Protocol for a randomized controlled trial to evaluate a year-long (NICU-to-home) evidence-based, high dose physical therapy intervention in infants at risk of neuromotor delay

Weiyang Deng, Sofia Anastasopoulos, Raye Ann deRegnier, Nicole Pouppirt, Ann K. Barlow, Cheryl Patrick, Megan K. O'Brien, Sarah Babula, Theresa Sukal-Moulton, Colleen Peyton, Catherine Morgan, John A. Rogers, Richard L. Lieber, Arun Jayaraman*

*Corresponding author for this work

Research output: Contribution to journalArticlepeer-review

Abstract

Introduction Developmental disabilities and neuromotor delay adversely affect long-term neuromuscular function and quality of life. Current evidence suggests that early therapeutic intervention reduces the severity of motor delay by harnessing neuroplastic potential during infancy. To date, most early therapeutic intervention trials are of limited duration and do not begin soon after birth and thus do not take full advantage of early neuroplasticity. The Corbett Ryan- Northwestern-Shirley Ryan AbilityLab-Lurie Children's Infant Early Detection, Intervention and Prevention Project (Project Corbett Ryan) is a multi-site longitudinal randomized controlled trial to evaluate the efficacy of an evidence-based physical therapy intervention initiated in the neonatal intensive care unit (NICU) and continuing to 12 months of age (corrected when applicable). The study integrates five key principles: active learning, environmental enrichment, caregiver engagement, a strengths-based approach, and high dosage (ClinicalTrials.gov identifier NCT05568264). Methods We will recruit 192 infants at risk for neuromotor delay who were admitted to the NICU. Infants will be randomized to either a standard-of-care group or an intervention group; infants in both groups will have access to standard-of-care services. The intervention is initiated in the NICU and continues in the infant's home until 12 months of age. Participants will receive twice-weekly physical therapy sessions and caregiver-guided daily activities, assigned by the therapist, targeting collaboratively identified goals. We will use various standardized clinical assessments (General Movement Assessment; Bayley Scales of Infant and Toddler Development, 4th Edition (Bayley-4); Test of Infant Motor Performance; Pediatric Quality of Life Inventory Family Impact Module; Alberta Infant Motor Scale; Neurological, Sensory, Motor, Developmental Assessment; Hammersmith Infant Neurological Examination) as well as novel technology-based tools (wearable sensors, video-based pose estimation) to evaluate neuromotor status and development throughout the course of the study. The primary outcome is the Bayley-4 motor score at 12 months; we will compare scores in infants receiving the intervention vs. standard-of-care therapy.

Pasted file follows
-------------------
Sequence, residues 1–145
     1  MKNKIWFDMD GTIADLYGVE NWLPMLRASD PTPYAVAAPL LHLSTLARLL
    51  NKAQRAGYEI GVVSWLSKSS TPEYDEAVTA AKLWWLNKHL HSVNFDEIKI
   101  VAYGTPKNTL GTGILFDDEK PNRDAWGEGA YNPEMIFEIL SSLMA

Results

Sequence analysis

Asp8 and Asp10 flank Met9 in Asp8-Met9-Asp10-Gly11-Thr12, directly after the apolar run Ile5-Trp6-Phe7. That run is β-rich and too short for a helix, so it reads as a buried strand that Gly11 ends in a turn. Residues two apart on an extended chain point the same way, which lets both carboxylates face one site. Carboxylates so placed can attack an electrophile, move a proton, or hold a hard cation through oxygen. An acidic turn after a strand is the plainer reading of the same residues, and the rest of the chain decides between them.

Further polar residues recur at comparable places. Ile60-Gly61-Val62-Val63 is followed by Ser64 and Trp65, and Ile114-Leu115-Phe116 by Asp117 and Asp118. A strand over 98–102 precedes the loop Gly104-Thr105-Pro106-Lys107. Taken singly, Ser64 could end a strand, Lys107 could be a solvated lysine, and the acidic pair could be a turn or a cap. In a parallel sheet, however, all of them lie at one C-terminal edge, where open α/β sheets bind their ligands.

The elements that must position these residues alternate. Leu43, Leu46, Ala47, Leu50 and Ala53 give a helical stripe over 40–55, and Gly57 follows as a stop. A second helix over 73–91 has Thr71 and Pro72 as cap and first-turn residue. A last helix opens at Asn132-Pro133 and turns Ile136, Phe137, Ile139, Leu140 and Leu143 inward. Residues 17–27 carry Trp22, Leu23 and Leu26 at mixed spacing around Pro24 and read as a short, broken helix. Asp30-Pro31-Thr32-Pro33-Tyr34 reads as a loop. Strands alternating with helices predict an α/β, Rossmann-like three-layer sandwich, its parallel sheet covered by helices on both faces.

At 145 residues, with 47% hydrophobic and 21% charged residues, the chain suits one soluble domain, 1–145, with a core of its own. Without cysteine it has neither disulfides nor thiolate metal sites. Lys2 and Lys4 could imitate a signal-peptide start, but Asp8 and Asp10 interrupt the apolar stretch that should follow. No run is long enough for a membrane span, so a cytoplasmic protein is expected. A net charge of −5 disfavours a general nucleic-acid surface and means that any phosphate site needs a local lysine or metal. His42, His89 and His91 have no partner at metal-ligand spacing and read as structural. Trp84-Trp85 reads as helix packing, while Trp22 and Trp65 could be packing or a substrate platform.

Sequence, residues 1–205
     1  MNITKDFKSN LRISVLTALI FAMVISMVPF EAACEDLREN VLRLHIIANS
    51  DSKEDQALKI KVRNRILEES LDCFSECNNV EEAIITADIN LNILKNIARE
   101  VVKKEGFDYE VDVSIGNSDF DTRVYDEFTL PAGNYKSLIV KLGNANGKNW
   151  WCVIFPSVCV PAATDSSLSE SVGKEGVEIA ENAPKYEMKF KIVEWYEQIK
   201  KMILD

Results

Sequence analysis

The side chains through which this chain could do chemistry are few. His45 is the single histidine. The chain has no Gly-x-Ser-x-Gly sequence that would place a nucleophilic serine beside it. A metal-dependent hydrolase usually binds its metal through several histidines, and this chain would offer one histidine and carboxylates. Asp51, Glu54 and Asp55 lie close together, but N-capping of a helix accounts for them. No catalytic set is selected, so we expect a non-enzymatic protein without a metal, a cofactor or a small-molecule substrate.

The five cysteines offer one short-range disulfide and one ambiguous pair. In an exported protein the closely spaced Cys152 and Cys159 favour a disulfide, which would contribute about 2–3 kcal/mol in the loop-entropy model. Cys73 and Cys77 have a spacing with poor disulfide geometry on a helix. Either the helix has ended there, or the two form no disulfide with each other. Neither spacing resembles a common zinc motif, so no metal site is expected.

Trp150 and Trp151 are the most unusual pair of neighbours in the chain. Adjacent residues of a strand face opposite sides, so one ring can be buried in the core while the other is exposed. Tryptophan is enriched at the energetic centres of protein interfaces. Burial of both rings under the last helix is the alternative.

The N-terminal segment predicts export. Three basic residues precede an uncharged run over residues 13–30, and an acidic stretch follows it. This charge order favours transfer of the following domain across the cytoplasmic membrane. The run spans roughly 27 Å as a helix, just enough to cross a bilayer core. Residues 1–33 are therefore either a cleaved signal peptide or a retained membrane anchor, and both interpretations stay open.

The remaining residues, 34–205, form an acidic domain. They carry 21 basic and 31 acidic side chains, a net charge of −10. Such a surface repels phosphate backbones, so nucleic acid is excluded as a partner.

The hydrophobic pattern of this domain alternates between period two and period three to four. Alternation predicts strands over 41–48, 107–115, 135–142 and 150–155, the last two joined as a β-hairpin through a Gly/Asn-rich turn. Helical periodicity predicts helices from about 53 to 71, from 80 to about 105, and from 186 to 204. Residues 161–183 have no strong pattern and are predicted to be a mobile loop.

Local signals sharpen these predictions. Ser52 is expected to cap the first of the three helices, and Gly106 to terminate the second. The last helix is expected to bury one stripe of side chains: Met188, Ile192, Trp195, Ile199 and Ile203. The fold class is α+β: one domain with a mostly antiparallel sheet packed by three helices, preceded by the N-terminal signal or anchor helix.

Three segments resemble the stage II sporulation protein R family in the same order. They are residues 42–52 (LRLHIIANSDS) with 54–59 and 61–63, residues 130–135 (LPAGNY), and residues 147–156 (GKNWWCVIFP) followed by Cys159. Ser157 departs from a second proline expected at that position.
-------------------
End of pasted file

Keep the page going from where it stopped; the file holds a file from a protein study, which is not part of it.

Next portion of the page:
Original languageEnglish (US)
Article numbere0291408
JournalPloS one
Volume18
Issue number9 September
DOIs
StatePublished - Sep 2023

ASJC Scopus subject areas

  • General

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